Princeton head coach Sydney Johnson called a timeout to draw up the game-winning play. Despite Davis shooting just 3-for-13 prior to the buzzer-beater, everyone was confident he would come through in the clutch.

“I’m not surprised Doug hit it,” Maddox said.

“Shooters shoot,” Davis added. “Some fall, some don’t. That’s never going to rattle my confidence. If I miss 99 shots, I’m still going to take that 100th shot, and I’m going to shoot it with confidence.”

Davis caught the inbounds pass in the corner and dribbled to his right. After allowing Oliver McNally to overpursue and fly past him, Davis leaned in for the winner.

The referees checked the monitor to make sure the basket counted, but replays showed Davis let it go with 0.2 seconds left.

“I was undisciplined,” McNally said of his defense on the last shot. “I jumped when I shouldn’t have.”

Both Harvard and Princeton went 12-2 during the regular season, splitting the season series. The tie necessitated just the eighth one-game playoff in Ivy history, in front of a sold out John J. Lee Amphitheater at Yale University.

The energy in the building was at a high level well before tip-off, with both schools selling out their ticket allotment in just four hours. The arena was split down the middle, with Harvard fans on one side and Princeton supporters on the other.

“The atmosphere was unbelievable,” Princeton guard Dan Mavraides said. “I couldn’t hear a thing the whole game. It’s something I will always remember.”

Even in defeat, Harvard head coach Tommy Amaker acknowledged the occasion.

“It was a special afternoon for our conference,” Amaker said.

The question within the league now turns to the at-large selections for the NCAA tournament – can Harvard still get a bid?

The Crimson have a gaudy RPI in the 30s and three solid wins over Princeton, Colorado and Boston College. Due to the soft bubble, Harvard has an outside chance at hearing its name on Selection Sunday.

Due to Davis’ clutch shot, Princeton doesn’t need to worry about its postseason plans.

“I know [the Ivy] deserves one,” Johnson said. “And that’s us.”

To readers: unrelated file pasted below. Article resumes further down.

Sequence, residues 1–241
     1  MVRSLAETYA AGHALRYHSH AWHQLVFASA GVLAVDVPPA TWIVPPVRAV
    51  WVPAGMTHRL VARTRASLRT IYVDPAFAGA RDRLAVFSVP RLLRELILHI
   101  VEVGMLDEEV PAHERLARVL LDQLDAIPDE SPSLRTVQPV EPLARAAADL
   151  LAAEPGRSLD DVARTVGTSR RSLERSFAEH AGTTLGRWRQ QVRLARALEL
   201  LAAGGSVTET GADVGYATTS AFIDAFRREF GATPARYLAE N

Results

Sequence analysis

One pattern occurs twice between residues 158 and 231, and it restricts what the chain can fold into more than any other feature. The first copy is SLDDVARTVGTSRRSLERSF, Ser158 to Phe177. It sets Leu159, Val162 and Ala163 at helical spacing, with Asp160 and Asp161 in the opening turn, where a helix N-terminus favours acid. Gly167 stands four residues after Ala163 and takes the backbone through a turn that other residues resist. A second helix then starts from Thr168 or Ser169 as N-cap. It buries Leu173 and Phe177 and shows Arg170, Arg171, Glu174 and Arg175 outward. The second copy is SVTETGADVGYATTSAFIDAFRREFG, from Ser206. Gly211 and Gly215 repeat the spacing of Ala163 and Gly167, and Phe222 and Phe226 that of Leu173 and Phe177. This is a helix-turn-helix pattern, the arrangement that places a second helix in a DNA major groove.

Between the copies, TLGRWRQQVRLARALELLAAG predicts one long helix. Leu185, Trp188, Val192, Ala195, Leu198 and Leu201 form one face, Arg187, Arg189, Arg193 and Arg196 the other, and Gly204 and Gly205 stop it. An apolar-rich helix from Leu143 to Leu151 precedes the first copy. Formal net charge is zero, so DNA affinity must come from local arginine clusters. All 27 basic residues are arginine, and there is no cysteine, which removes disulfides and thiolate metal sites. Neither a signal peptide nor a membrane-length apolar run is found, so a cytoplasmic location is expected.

The Vitals:

Player to know: Kareem Maddox. The league’s defensive player of the year, Maddox is also Princeton’s top scorer and rebounder. He finished the season on a roll, scoring in double-figures in 10 straight games. Maddox, a 6-foot-8 forward, can finish with both hands around the rim and also dish it off when doubled. He is capable of big performances, as evidenced by his two 30-point efforts earlier this season.

  • Record: 25-6, 13-2, Ivy.
  • Team colors: Orange and Black.
  • We’re thinking: 13-seed
  • KenPom ranking: 89
  • RPI: 48
  • Best win: Harvard, twice (24-6)
  • Worst loss: Brown (11-17)
  • Notable stat: The Tigers are the nation’s sixth-best defensive rebounding team, allowing offensive rebounds on only 26.8 percent of possessions.
  • Most recent tournament history: 2004. In the tournament as a No. 14 seed, the Tigers lost to Texas in the first round.

Photo: AP

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Posted on: March 12, 2011 11:22 am

Ivy League playoff preview

Some say the Ivy League misses out on the fun and exciting of championship week because it lacks a conference tournament. Well, not this year. Harvard and Princeton finished the regular season knotted at the top of the league standings, with both going 12-2 in Ivy play. The two will battle in a one-game playoff at Yale to determine the automatic bid from the conference. It is the eighth playoff in league history – Princeton has been involved in all eight.

Harvard (23-5, 12-2) has been consistent all season, beating Colorado and Boston College in the non-conference season and then rolling through Ivy League play with only two losses. The Crimson suffered a road defeat at Princeton in early February, but avenged it with a 12-point win the season finale. Harvard’s two losses in conference play were by a combined five points.

The Crimson are a highly-efficient offensive team, ranking eighth in the country in effective field-goal percentage. They shoot it well from behind the arc, but are at their best when driving to the basket and drawing fouls or finishing. Harvard has six players averaging at least 9.5 points per game, led by the frontcourt duo of Keith Wright and Kyle Casey. Casey had 24 against Princeton last week. Brandyn Curry is a terrific playmaker and distributor, while Christian Webster and Laurent Rivard can shoot.